Shikha, I’ve yet to beat on you here, but now let me begin:
        IF that is an accurate quote, you are beneath contempt.
        Is that clear? Absent you retracting that statement, there is nothing you can say which would make your comments worth reading.
        Retract, or fuck off.

  11. Lady Gaga not pulling a Streep on Trump? I wish she would have.

    1. Lady Gaga – Master Persuader

      “You expected her to be political, right? You were primed. The commercials were political. The smell of Trump is in the air. She seems like the type to get too political.

      “What’s she gonna do?

      “She sings the best version of America the Beautiful you are likely to hear, while drones formed an American flag behind her. At the Superbowl.

      “And in so doing, she paced the Republicans who were watching. She already owned the liberals. Two minutes in, and it was perfect persuasion. No politics, just agreeing with all of us. And she did it visually, aurally, and emotionally.”

      1. She would’ve been booed off the stage. Those weren’t Golden Globe attendees.

      2. Except for the drones, which was a cool if ostentatious bit of tech, the entire routine was just supremely silly.

      3. She’s a smart girl.

        1. She’s still in her prime, she has money to make. She’s not Madonna yet.

        2. A real classy broad.

    2. Not in Texas, dude.

  12. Tonight’s ads reflected the American population?companies, unlike governments, have to offer people something they want or they won’t get their money, so they are far better at delivering to and so reflecting the many moods of the American people.

    Did they reflect the population, though? Was there “limit immigration” ad, “guns are awesome” ad or “lower the damn taxes” ad? (I didn’t watch, because no cable)
    An oil company did have an “Oil is awesome” ad, I guess – thanks to whoever linked that in the comments.

    OT: This was the first year that Canadian viewers could see US Superbowl ads, if they had a Fox channel as part of their subscription. Until now, Canadian ads were cut into the broadcast instead.

    1. “…Did they reflect the population, though? Was there “limit immigration” ad, “guns are awesome” ad or “lower the damn taxes” ad? (I didn’t watch, because no cable)…”

      They are extremely expensive ads. AFAIK, there are none more expensive. So they get top-level examination by the companies involved; the CEO vetted the SB ads when a client of mine bought a couple of 30 second spots.
      In the case of Audi, it probably didn’t hurt, but there’s a good chance it didn’t help, either. The people who wrote and vetted the ads were the same people who presumed the hag WOULD win, cause why not?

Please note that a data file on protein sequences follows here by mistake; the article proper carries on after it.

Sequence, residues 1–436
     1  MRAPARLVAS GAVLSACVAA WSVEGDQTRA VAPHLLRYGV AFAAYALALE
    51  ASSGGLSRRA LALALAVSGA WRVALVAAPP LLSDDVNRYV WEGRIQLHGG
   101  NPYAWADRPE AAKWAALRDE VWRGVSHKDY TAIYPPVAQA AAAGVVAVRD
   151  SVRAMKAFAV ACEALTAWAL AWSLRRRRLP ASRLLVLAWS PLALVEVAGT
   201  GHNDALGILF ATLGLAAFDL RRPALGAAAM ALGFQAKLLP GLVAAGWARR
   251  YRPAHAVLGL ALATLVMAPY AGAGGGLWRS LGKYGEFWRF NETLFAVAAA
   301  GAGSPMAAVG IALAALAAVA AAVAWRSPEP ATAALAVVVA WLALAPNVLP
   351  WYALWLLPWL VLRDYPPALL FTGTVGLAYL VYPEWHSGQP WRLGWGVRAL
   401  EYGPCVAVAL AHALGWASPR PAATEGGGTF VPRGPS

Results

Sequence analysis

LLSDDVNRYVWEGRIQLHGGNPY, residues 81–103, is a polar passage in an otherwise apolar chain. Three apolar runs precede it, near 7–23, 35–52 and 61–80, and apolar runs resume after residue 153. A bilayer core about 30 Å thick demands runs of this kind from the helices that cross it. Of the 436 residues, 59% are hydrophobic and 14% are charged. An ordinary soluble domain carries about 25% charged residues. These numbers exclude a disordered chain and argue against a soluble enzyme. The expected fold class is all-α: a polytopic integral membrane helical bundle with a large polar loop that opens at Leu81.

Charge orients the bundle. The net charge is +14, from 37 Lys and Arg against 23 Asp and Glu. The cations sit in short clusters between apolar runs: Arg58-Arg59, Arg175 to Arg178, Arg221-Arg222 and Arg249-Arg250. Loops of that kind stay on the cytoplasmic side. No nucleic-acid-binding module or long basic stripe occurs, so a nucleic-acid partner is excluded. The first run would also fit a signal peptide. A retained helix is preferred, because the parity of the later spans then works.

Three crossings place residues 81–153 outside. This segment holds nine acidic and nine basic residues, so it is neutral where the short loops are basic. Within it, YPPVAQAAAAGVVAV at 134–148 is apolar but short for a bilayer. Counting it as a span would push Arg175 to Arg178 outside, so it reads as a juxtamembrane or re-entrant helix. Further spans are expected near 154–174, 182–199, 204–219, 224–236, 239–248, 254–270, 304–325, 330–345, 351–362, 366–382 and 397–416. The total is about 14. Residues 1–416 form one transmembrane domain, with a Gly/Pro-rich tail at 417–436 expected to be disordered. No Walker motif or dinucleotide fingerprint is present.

Story:
      Wife and self had dinner at an expensive and VERY good SF restaurant; we sit at a counter or bar if available as we did in this case. Sitting next to me is a much younger guy in a ball cap who mentions he and wife have driven down from ‘way north CA for their anniversary and just happened into the place. Chatting; he’s an off-road bike racer, does well, but it’s a butt-buster. Many other subjects, smiles all around; they are going to the motocross in Oakland this weekend.
      As they were leaving, a guy away from me (near the wife) commented ‘I hope you’re taking her to Neiman Marcus in exchange for the bike races’. The wife said “I LIKE the bike races”.
      I didn’t ask, but I’d bet I was chatting with Trump voters and I’d guess the guy on the far side got a bit of a surprise.
      They paid in large bill cash and waved off any change back.

  13. “After Audi released its new Super Bowl ad featuring a bunch of equal pay mumbo jumbo, the luxury car company had to eat its words…

    …I’m not going to parse how psychologically damaging this advertisement is to all the young girls who will be watching this ad and consequently subjected to the deceitful victimhood rhetoric that “you matter less because of your chromosomes.” Instead, let’s focus on what happened after the luxury car company responded to a question on Twitter. All of the “equal pay” nonsense their ad espouses totally falls apart when faced with the realities of economics.

    Here’s the question and response.

    Prepper Frog @TueborFrog
    @Audi You pay your female employees less than males? You know that’s against the law, right?

    @Audi
    @TueborFrog When we account for all the various factors that go into pay, women at Audi are on par with their male counterparts.

    So, it seems that Audi admits their female employees’ paychecks are not as fat as those of their male employees. Yet this doesn’t mean female employees aren’t being paid equally.

    http://thefederalist.com/2017/…..-retracts/